Field report: Blockchain Use-Cases in the Spotlight
Despite the unusual covid situation and limited travels, members of Blockchain Alliance Europe still opt to attend live blockchain conferences that we find exciting and relevant. We have summarized some of the recent ones and our findings below.
We visited two live conferences at the end of November and early December, the Blockchain Expo in Amsterdam and Blockchain Fest in Cyprus. We were interested in how big and advanced their blockchain communities are, what kind of use cases they are developing and what they think about future tech trends.
For the most prominent part, all eyes are on financial use cases. Consequently, it doesn’t come as a surprise that the participants of both conferences expressed a lot of interest in Defi projects and NFTs, which undoubtedly made their way in 2021. It seems that the trend will continue to rise in 2022, when the initial hype will be replaced with the projects’ true potential, leading to even more successful and renowned use-cases.
Nevertheless, blockchain technology has many other possible uses throughout industry verticals. As evidenced in both locations, big companies have closely monitored the development of relevant use cases and conducted many pilot projects, which have already shown promising results.
The most significant challenges preventing mass adoption to this day remain the lack of regulative framework and standardization even though blockchain technology is perceived as an opportunity by countries and governments.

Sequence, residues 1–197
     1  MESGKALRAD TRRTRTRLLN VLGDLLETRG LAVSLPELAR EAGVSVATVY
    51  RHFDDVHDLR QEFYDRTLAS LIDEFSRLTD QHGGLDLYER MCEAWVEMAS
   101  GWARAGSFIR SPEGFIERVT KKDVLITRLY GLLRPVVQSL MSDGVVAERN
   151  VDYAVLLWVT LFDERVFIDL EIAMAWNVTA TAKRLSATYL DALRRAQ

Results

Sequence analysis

Following this trend, Cyprus aims to become a crypto hub and offer various licenses for crypto-asset based projects; the Netherlands has conducted several blockchain-based pilots since 2018 and is one of the most digitized European countries; whereas Georgia is working on the land registry on blockchain technology. These are just a few examples, but it can be said with ease that practically every European country widely experiments with blockchain, and in some way, encourages businesses to innovate with this new technology, even without granting them the necessary legislative security.
We also noticed that the project’s credibility and transparency come to the fore while focusing on sustainability and social innovations based on blockchain technology. The opportunity in this area is exceptional, as social innovations, especially charitable projects, desperately need the means to ensure greater credibility and attract more donors.
For Blockchain Alliance Europe, live events are of utmost importance for networking and, consequently, building relationships with like-minded businesses and individuals. We hope that the circumstances in the future will make it even easier for us to connect and strengthen ties between different communities.